Hospice Patients Alliance: Consumer Advocacy

Comments on Hospice Administrator's
Email Protest of USA Today Article

We are quoting below a letter from a Hospice Executive Director, since it is typical of the type of protest that regular industry representatives make when they hear any news about "problems in the hospice industry." They always state that such problems are "rare," that it is irresponsible to publicize such problems, and try to insult those who bring the truth out in public. We have responded to this typical letter to provide a response before the industry makes it's protestations in public (efforts to suppress the truth).

See below for content of letter from Phil Thompson,
Executive Director, Hospice of the Ozarks

Dear Phil,

First of all, you know that there are hundreds of positive articles about hospice all over the country, in both national and local papers. The USA Today articles of August 20, 2001 stand in stark contrast to so many others. If your program is being run on an ethical basis, your reputation will not be damaged and patients will know that you run a hospice that really cares. People know what is going on. The type of problems encountered in hospice are known to the public. If you aren't aware of that, then you are out of touch with the public. We hear from people all over the nation, and they know what is going on.

You know very well that there are some problems in the hospice industry, even "many" problems, ... even "thousands of problems." Even the US OIG has pointed out intentional fraud in many hospices. That is no secret. I have had hospice administrators themselves call us up and tell us they know that there is a problem in the industry. What you and other administrators like you don't really get is that there are administrators who are not like you and don't care about the ethics you obviously adhere to, and families and patients all over the nation are getting exploited and suffering deeply due to transgressions not only of standards of care, but of ethics, law and morality.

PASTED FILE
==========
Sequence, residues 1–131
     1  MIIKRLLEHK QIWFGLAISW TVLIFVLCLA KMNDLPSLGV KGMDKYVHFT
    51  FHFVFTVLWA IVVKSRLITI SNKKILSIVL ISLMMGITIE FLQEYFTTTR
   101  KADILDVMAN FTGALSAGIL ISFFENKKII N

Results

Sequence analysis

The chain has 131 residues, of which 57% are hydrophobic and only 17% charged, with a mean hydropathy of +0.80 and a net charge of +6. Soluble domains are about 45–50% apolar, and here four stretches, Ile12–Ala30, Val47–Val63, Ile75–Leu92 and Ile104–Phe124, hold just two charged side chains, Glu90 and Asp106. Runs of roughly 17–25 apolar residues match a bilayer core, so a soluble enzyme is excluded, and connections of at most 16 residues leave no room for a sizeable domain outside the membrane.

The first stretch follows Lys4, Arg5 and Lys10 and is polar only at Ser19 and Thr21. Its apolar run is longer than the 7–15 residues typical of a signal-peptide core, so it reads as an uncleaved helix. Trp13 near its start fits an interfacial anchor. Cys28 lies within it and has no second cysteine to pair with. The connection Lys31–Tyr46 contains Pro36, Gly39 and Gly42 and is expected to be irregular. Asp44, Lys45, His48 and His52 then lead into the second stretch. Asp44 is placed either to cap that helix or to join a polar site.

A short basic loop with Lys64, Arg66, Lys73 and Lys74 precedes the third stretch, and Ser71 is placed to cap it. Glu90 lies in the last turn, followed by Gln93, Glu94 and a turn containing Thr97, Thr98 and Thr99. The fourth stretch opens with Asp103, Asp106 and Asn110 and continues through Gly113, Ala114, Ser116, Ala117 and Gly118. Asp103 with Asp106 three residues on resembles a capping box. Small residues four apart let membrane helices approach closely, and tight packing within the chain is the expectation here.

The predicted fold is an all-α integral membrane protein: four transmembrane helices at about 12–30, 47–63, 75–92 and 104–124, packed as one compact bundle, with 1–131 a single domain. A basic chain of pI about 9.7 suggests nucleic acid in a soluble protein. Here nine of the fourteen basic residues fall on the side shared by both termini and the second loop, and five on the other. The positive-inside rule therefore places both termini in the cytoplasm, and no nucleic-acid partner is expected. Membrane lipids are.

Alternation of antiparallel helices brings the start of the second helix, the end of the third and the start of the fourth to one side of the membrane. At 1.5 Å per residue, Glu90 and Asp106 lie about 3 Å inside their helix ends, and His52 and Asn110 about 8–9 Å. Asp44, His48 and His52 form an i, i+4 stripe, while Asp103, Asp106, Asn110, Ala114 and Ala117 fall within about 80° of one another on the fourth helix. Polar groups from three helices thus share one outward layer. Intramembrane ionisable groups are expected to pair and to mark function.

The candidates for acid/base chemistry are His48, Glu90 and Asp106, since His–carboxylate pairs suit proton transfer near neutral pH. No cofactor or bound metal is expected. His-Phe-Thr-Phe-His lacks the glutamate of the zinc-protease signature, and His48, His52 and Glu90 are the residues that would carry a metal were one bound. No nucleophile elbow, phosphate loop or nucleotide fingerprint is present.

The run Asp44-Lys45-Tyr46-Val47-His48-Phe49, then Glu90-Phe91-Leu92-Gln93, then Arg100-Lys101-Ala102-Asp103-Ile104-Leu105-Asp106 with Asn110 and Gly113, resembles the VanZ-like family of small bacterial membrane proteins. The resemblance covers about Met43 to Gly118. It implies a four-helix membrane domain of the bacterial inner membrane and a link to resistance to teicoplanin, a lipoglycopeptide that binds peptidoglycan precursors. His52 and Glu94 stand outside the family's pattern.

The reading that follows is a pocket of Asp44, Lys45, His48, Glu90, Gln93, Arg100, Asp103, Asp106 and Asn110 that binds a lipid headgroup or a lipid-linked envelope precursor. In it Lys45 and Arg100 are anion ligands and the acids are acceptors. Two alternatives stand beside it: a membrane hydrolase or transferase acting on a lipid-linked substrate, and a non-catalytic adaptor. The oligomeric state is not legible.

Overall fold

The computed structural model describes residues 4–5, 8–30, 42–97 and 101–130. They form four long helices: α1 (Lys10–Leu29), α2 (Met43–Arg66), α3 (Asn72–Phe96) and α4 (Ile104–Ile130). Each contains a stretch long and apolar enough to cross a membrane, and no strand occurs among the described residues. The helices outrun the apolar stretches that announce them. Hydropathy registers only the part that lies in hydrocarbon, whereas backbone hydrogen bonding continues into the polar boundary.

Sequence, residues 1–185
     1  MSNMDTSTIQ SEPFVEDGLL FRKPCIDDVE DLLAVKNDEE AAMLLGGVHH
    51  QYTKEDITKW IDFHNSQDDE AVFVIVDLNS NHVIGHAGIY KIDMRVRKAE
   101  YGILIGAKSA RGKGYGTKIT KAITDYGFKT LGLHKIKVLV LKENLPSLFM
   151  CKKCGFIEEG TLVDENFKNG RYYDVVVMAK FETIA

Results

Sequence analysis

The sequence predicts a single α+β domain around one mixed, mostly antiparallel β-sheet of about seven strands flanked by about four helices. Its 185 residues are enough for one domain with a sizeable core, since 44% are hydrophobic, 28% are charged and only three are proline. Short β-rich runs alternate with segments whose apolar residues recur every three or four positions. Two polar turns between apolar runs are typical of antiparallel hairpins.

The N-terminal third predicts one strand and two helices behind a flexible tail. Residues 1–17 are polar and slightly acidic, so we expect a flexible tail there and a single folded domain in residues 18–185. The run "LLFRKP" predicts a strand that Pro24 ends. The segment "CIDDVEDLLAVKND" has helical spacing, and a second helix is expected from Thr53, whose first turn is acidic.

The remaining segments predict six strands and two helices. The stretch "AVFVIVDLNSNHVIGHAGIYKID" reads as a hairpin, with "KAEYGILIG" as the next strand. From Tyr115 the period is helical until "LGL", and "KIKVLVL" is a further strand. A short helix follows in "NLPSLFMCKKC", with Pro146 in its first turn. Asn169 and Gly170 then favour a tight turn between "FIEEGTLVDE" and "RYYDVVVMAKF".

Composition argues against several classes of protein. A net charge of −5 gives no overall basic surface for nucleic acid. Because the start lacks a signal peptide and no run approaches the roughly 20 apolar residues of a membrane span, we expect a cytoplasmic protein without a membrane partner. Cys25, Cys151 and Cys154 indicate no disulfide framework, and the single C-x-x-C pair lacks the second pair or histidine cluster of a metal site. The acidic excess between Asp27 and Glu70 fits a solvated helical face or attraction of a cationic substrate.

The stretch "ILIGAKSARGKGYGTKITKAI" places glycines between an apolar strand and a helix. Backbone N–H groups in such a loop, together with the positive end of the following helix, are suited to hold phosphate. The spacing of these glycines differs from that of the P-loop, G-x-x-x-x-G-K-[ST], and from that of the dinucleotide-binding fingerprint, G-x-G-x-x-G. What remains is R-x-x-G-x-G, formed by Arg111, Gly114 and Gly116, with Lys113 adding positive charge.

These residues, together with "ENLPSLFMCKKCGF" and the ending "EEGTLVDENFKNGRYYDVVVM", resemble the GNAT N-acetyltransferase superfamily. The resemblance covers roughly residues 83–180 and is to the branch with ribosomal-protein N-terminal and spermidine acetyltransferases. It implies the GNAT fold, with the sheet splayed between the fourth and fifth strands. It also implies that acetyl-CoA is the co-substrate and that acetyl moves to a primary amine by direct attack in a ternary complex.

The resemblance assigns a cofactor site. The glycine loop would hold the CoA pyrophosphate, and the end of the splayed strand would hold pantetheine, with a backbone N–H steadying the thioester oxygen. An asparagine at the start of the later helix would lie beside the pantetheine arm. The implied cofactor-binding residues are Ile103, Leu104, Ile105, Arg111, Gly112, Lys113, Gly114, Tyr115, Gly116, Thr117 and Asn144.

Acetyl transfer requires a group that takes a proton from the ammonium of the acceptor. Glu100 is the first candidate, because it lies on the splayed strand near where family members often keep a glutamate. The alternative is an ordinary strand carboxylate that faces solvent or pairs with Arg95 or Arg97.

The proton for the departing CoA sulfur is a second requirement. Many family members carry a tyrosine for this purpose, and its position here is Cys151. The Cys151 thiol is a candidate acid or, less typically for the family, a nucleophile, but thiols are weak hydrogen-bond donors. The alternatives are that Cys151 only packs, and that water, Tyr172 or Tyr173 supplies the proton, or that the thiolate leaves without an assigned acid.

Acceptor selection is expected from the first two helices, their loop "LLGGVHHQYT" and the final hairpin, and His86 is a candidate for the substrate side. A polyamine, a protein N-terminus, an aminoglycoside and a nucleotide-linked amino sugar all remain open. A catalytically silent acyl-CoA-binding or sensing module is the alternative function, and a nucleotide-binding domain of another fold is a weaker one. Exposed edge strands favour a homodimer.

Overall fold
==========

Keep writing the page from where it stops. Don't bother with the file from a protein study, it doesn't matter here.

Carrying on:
Hospice agencies like your own need to wake up to the very big problem of fraudulent services in rogue hospices. What that means is that many hospices are not providing the services you state you provide and do not adhere to the standards you care about and that the public cares about. What does not help, is for the public to be uninformed about the problems they may encounter and what to do. The public can stand the truth and make up their own minds about what to do about it.

Are you calling people who encounter severe problems or fraud and worse in hospice: "liars." If so, then I say, shame on you! These families have been deeply damaged by problems in hospice services, on top of the loss of their loved one. The hospice setting is a very special setting in health care and involves one of the most intimate times in the lives of people: that of the death of a loved one. The families will remember what happens in hospice for the rest of their lives! If something terrible goes wrong, then these families are impacted forever. Not only the adults, but children and grandchildren are affected. And if the patients themselves don't get the care they need, they suffer needlessly. Many hospices need reform to return to the original mission of hospice.